Keithley 168 "repair"

Yes. that is right. I have a Keithley 168 scope meter
that is in unknown condition.

I had found the old manual here, which is very helpful in my attempts to figure out the connections for the battery header, but got me absolutely nowhere.



Because according to the schematics (manual above), there are 7 1.2V battery connected from pole D to pole C (with pole C supposedly at 8.4V), and two more connected from pole A to pole B (with pole B supposedly at 4.8V)
However, the section “how to check batteries” invalidate the previous assumptions because the test pad B is connected to pole C (which is supposedly 0V, connected to the negative lead of the two BA-29 batteries), as shown on the picture of the PCB.

Which means that either figure 8 is wrong, or Table 2-2 and the description is wrong.

Which lead to my attempt to figure out which battery lead is connected to “ground”, so I start to probe the battery pins and the “Lo” pin (or GND).
So far, I have found that pin A is connected to GND when the device is NOT in “CHG” mode. Which is supported by the fact that when charging, the battery is connected in series (manual). Which suggest that the two BA-29 battery should be connected from A to B (B being the positive end of the BA-29), rather than the other way around and also validates the fact that the battery probe is on pole B.

So to summarize, this is my current conclusion. Black means confirmed, and blue means unknown.

Let me know if you have any thoughts over the orientation of the batteries (marked in blue).

The voltage requirements require a bit of finesse. I have 9V batteries and Li-ion batteries, as well as AAA batteries and USB input.
My current idea is to use a 2S lithium battery, one across D and C (supplying 4.2V, which is below the recommended 4.8V but way above the “low battery” of 2.5V) and another one across B and A (supplying another 4.2V, which is 8.4V). The two batteries at normal discharge sits at 3.7V, which when in series give 7.2V, still above minimum.
However, I currently have only one … nevermind. I can “borrow” the one from my Ti calculator. Let me know if you think this idea (of a 2S li-Ion) will work or not.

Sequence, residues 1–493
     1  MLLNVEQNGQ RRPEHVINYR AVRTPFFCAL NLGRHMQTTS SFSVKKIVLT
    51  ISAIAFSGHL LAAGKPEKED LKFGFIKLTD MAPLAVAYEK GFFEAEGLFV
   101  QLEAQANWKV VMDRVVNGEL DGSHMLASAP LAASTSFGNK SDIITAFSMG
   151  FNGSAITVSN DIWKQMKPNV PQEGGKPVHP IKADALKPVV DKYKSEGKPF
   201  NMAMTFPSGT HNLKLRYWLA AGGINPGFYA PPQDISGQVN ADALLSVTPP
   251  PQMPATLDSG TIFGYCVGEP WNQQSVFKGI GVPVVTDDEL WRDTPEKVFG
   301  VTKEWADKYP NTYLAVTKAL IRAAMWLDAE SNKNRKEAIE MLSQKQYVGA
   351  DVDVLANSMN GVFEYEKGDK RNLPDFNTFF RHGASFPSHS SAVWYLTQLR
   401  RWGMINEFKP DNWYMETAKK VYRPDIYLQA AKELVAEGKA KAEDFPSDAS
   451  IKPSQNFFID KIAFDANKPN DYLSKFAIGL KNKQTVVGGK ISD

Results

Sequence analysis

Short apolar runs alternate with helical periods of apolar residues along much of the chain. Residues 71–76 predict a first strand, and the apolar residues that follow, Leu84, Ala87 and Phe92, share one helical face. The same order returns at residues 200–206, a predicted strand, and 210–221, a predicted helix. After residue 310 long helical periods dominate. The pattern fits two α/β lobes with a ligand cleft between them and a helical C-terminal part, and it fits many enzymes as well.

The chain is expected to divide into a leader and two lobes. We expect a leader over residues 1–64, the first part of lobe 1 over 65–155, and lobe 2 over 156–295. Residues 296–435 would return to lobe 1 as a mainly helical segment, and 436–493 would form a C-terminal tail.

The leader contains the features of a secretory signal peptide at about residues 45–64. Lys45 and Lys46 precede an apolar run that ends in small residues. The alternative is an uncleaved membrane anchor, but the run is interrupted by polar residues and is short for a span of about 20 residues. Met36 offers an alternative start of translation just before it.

I found it in the schematics. Helpful? Maybe.
However, over here it also mentioned that the batteries are to be 8.4V and 16.8V respectively, which isn’t what that is displayed on earlier sections of the manual or the bottom of the case.
There is this regulator-like thing, but the schematic is too blur and raises more questions than answers.

There is a blown fuse on the input, the “mA fuse”. Rated at 1/100A 250V, I am pretty surprised they can make a fuse with such a rating. Guess just a bit of really thin solder wire.
If that’s the reason this device is thrown away, well, that’s a good chance that the device is working when it is thrown away.

so last night I tied together my 4.2V Li-ion and a (group of) 2.4V Ni-Mh batteries. I tied the Li-ion from D to C and the Ni-Mh from A to B.
Yes, the voltage is very very low (6.6 combined) but I was expecting at least something to light up.
Nothing happened.

Should I try 9V? I am worried that the 9V might damage the board. Where should I try it?

I regret not buying a Li-Po from Adafruit. That said, I do have two laptop packs lying around. I can gut that Dell one and extract the cells, but I hope I don’t have to because I am planning to restore my Dell at some point in the future.

Why worry about batteries for now? It’s a bench meter. The battery pack is optional, for portable use.

Get it working when powered from AC line voltage first and then worry about adding batteries later, if you need it to be portable.

Yes but I fear that it might “blow up”. Not because I am unable to wire the AC correctly (if I have a cord to begin with) but because of the antique circuitry (and possibilities of electrocuting myself)

If I can get it running via batteries, I don’t need to worry about the AC part or having the risk of electrocuting myself

However I think the steps must be taken in order to calibrate it (as it is required to connect Q107 to -12 on case)

Then don’t use LiPo batteries with it. Something that old would be designed to use 1.2V Ni-Cad cells (not even NiMH cells). If you use LiPo, you risk fire or explosions.

I think his concern is that it will blow up using AC.

@CDR_Xavier sounds like you need to take care!

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Yes, I realise that, but using LiPo batteries instead of AC is another way of possibly “blowing it up” or causing personal injury.

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Sure is … those LiPo batteries can be nasty.


Ugh I don’t like where this is going …
(touches battery contacts)
Hm. No spark. Probably good sign.

To be fair, everything about it looks … wrong. But it lit up, and it didnt deviate from the schematics.
I wonder what is the battery life of this …

Does anyone know the name of this type of connector (the type it supposedly has)